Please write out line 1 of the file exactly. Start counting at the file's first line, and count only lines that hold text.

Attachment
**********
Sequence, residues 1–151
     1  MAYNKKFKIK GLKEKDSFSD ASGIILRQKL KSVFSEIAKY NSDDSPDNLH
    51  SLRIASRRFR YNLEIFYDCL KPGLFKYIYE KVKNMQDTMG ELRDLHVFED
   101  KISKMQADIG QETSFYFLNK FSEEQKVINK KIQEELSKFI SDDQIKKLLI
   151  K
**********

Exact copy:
Sequence, residues 1–151